It has been increasingly recognised that activation of the immune system in the central nervous system is a key component of the normal aging process, but also of the pathological development and progression of many neurological disorders, including TBI [23]. Studies have confirmed the chronic neuroinflammatory cascade in the brain after TBI [4, 5]. Immune dysfunction, especially inflammation, has been well demonstrated to play a role in the pathogenesis of cognitive deficit [9, 16, 24, 25]. Anti-inflammatory management seems effective on cognitive impairment. Consistently, our results showed the levels of inflammatory factors TNF-, IL-1, IL-6, IL-8, and hs-CRP in the hippocampus increased and the anti-inflammatory cytokine IL-10 in the hippocampus decreased, in the TBI group, compared to the control group and the sham group. This confirmed the neuroinflammation in the hippocampus of the TBI rats. However, rhamnetin treatment significantly reduced the levels of these inflammatory factors and elevated IL-10 levels in the TBI + M group and TBI + H group, but not in the TBI + L group, compared to the TBI group. The results indicate that rhamnetin could inhibit the hippocampal inflammatory response in TBI rats, and that the effect was dose dependent. The findings were consistent with previous studies that reported the anti-inflammatory effects of rhamnetin [17-19]. The inhibition of the inflammatory response by rhamnetin should play a role in the improvement of the cognitive function in TBI rats.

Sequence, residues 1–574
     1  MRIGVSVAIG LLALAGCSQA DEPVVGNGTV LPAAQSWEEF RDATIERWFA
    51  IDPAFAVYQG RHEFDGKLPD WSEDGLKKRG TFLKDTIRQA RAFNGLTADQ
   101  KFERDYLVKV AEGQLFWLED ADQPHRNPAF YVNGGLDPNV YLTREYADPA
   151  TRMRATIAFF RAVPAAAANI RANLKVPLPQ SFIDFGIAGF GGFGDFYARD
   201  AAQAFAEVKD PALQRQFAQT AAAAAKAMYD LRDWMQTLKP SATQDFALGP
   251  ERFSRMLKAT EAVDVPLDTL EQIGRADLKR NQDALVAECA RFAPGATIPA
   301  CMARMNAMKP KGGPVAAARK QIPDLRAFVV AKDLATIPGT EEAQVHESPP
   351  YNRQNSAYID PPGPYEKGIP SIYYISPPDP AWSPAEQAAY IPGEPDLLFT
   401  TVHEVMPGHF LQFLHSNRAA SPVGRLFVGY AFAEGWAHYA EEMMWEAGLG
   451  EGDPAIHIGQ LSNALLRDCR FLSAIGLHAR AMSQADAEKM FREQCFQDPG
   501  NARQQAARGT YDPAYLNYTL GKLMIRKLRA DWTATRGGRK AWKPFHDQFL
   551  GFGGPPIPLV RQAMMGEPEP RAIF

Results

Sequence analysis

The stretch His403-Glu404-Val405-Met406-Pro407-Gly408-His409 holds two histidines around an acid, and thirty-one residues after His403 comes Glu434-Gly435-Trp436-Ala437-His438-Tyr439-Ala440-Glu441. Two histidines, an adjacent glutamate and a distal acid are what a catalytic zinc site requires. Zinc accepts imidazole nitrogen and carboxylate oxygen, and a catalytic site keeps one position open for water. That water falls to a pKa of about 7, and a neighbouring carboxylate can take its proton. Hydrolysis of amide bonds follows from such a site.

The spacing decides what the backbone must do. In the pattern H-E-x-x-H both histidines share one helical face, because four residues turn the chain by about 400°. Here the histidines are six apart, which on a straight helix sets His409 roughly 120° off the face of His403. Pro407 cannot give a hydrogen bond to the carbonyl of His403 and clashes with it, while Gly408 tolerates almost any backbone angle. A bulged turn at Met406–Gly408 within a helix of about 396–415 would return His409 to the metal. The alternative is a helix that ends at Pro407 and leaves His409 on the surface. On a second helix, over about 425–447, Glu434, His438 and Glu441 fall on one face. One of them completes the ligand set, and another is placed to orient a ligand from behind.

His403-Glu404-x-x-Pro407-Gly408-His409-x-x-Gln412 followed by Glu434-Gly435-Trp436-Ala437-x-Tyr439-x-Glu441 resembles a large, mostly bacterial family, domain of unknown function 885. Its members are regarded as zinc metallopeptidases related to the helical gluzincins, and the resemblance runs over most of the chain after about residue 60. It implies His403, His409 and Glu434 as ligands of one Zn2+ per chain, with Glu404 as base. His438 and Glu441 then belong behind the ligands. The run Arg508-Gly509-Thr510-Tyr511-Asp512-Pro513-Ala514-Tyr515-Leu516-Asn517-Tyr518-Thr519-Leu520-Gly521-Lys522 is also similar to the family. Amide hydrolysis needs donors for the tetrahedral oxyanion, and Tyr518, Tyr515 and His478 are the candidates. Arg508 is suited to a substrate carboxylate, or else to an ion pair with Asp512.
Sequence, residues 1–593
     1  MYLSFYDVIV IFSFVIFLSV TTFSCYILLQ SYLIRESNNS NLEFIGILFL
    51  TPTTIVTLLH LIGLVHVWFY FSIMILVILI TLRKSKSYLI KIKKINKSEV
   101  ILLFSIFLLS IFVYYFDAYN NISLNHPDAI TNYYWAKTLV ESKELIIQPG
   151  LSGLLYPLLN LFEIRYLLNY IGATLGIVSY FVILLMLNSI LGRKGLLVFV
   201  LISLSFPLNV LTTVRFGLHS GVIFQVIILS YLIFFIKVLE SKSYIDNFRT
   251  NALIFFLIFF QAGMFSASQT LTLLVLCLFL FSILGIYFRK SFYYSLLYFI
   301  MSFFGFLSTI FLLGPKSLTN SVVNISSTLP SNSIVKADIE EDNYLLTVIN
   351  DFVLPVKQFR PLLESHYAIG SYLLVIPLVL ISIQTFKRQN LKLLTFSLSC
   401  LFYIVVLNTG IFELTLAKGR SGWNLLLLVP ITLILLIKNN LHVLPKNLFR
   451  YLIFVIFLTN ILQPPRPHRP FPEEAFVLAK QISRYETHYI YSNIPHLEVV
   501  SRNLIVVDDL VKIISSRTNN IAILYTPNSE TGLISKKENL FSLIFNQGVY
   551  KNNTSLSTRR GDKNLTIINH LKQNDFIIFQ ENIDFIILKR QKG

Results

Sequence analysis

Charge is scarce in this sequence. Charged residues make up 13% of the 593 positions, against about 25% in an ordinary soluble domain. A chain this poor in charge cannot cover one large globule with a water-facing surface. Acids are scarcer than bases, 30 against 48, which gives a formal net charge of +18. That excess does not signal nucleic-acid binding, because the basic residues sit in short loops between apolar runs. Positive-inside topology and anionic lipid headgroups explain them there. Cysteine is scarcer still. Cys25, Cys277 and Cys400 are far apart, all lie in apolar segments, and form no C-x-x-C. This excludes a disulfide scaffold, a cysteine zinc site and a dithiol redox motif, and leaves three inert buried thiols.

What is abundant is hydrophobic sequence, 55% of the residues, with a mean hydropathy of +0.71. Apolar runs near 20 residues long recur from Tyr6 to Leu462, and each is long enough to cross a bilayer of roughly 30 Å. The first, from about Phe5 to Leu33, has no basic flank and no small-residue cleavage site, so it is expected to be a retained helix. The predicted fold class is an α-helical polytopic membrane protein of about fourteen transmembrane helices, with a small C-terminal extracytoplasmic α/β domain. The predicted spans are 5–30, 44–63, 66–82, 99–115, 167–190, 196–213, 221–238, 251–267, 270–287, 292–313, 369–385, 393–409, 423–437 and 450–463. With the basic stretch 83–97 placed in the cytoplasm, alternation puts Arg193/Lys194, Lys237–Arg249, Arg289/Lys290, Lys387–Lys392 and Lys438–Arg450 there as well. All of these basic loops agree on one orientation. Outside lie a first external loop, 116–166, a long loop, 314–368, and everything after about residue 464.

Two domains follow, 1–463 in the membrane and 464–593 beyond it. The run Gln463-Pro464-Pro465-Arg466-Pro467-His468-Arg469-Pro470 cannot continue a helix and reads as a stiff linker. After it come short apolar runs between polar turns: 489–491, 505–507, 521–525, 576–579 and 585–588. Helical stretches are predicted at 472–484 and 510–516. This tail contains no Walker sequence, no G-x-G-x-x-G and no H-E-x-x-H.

In TBI there is a considerable increase in the production of free radicals and a decrease in the production of antioxidant enzymes, supporting the theory that oxidative stress plays an important role in the secondary injury [14-16, 26]. Consistently, our results showed elevated hippocampal levels of oxidative stress markers MDA and H2O2 as well as reduced levels of antioxidant enzymes SOD and GSH-Px in the TBI group, compared to the control group and the sham group, indicating an excess of oxidative stress in hippocampus. Besides its direct neurotoxicity, oxidative stress can promote an inflammatory response. H2O2 is a factor that can activate NF-B, which promotes the production of inflammatory cytokines IL-1, IL-6, and TNF-. Consistently, we found increased levels of hippocampal NF-B in rats of the TBI group in the present study. However, rhamnetin treatment significantly reduced the oxidative stress and NF-B production in the TBI + M group and TBI + H group, but not in the TBI + L group, compared to the TBI group. The inhibition of oxidative stress and NF-B should contribute to the attenuation of hippocampal inflammatory response and to the improvement of cognitive function in TBI rats.